While that could work, that falls into a "superstition" category. No amount of changing shorts, shirts, seats, tables, card rooms or states makes any difference in the game. It's all relatively random events and if you're in a funk, the funk finds you. In all actuallity, I find that my chances of winning improve once players get to know how tight I generally play, so the more familliar faces I play against, the better chance I have of players not assuming I'm on a bluff. The best part of my sessions (when things are running reasonably) is typically after the table has been the same faces for a while and the only thing I've shown are big hands. When you show nothing but strong hands, you tend to get a little more respect, which in turns opens the door for a little more "play" making. I know the reverse is preached - show a bluff or two and you'll get tons of action on your big hands, but you gotta catch a few hands for this to pay off. That angle just doesn't seem to work for me and I hate starting out in the hole just because I tried to pull a move. Showdowns tend to be the death of me.

I honestly think you would do well in it, and you could easily take effectively the same BR you take the to NL game into that game and do quite well.
As much as that sounds good, I usually plan to risk 2 buys in any given session, that's $200 in the 1/2 game. $200 wouldn't even be enough to sit in the 9/18 game.

I appreciate all the imput and sympathy, just need get this out of my system.
 

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While that could work, that falls into a "superstition" category. No amount of changing shorts, shirts, seats, tables, card rooms or states makes any difference in the game. It's all relatively random events . . . . . .
Don't get me wrong, but I couldn't disagree with you more on this point.
Changing players, changing games, changing locations, and changing play habits I believe go a long way in your game.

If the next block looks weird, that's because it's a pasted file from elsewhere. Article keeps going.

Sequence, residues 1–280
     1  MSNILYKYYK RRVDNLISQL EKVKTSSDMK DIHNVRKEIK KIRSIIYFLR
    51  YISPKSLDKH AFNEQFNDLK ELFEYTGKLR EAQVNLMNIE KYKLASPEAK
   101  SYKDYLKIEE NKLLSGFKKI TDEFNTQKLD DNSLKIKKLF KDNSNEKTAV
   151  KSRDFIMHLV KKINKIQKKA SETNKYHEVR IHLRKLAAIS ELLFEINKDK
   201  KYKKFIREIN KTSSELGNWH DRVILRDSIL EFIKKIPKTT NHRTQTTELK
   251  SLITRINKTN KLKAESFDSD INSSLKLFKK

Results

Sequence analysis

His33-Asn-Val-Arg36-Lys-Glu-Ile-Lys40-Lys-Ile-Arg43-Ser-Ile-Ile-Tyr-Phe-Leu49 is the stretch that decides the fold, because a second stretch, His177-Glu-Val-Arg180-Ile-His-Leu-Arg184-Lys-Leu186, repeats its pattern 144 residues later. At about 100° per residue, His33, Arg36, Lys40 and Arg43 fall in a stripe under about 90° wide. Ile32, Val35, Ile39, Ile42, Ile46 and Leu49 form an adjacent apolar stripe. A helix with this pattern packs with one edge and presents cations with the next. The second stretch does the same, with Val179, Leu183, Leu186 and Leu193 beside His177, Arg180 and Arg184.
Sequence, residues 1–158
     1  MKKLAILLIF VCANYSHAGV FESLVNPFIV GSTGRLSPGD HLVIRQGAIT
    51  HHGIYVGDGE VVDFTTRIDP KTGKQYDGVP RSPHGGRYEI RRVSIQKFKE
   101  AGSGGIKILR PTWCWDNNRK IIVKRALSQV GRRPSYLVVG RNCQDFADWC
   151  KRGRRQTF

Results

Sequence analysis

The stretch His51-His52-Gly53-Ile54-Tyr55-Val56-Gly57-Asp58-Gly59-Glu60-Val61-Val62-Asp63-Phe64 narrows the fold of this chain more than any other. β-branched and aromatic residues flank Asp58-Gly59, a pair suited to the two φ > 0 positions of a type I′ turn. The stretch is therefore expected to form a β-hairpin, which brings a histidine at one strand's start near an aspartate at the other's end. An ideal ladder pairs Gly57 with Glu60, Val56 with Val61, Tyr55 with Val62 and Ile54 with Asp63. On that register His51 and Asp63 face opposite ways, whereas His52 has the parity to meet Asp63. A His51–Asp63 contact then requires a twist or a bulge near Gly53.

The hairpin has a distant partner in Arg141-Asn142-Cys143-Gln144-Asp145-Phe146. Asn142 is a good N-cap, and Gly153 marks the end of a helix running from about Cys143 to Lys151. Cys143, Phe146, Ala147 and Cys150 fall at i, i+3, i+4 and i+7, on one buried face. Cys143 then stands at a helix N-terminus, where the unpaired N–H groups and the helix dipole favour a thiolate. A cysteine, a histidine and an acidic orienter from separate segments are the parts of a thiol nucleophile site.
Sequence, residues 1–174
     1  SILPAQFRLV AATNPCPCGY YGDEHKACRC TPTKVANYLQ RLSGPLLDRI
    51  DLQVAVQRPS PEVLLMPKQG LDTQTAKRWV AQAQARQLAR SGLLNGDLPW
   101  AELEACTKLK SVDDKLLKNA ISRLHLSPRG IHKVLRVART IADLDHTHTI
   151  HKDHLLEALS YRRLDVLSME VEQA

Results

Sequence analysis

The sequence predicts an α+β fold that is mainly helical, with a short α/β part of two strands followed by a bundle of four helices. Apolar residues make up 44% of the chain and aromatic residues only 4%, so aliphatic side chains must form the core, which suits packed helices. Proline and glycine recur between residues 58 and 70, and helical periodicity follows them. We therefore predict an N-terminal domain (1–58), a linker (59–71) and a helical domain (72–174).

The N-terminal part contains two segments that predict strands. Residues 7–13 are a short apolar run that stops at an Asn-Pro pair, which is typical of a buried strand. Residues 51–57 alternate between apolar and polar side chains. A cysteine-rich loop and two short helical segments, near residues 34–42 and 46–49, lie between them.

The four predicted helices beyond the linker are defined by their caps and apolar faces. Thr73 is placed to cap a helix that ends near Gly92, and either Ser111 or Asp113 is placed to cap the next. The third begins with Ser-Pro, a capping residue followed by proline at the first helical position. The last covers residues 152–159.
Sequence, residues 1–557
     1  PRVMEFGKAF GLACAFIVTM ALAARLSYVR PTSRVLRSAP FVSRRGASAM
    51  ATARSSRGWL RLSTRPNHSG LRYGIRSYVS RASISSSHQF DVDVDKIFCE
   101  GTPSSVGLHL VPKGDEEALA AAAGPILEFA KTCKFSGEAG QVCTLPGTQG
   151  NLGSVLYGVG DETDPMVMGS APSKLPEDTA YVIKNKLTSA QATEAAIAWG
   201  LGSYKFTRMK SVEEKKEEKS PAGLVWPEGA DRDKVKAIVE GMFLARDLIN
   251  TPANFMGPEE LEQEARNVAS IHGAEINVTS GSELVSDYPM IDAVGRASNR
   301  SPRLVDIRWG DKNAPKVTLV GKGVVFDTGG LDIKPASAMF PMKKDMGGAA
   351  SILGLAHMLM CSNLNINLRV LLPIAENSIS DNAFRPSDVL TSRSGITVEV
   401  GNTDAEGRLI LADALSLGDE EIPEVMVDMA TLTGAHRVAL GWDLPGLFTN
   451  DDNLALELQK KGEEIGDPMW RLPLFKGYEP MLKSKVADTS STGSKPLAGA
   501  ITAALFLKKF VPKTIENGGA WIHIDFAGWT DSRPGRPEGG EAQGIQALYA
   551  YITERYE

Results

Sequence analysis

I recently read from Daniel Negreanu's blog about how he would get in these funks and the only thing that got him back on track was to play somewhere else, and often some other game. (different limit, limits versus NL, etc.) Change of scene, change of game.

While I like to think that the Michigan ball cap I wear is "good luck", I also know in the back of my head that it doesn't change the cards. It can however change my attitude towards the game, which in NL, is 75% of the game.
 

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Quad's is exactly right. Theres nothing superstitious about changing your environment. Hell some nights I go to 2 or 3 different casinos until I find a game I like (or where my cards are hitting.) I guarantee if you keep playing at JR with the same attitude and the same horrible players your streak is going to continue. It won't hurt one bit to try something different next time you feel like throwing some cards.
 

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Everyone I know says that my play is different when I'm not wearing my UC Davis cap... not sure about that one... I'm usually wearing it just because it's comfortable and I like to be so when I play cards...

Everyone has streaks... do what you have to do to get over the bad ones... whether it be not playing at all or changing the pace of things.

I know I've been on bad runs and I, being all statistical and logical, tend to just play through it the best I can, remembering that in the long run I will beat the games that I play. Don't go higher to recoup your losses (above my skill), and don't go lower to reduce your bad luck (playing with crap players that just frustrate).

As much as we'd all love to think otherwise, poker is just like anything else, random statistics. The chances are always the same, given anything else. In the short run, anything can happen, but in the long run, the better players will win and the worse players will lose.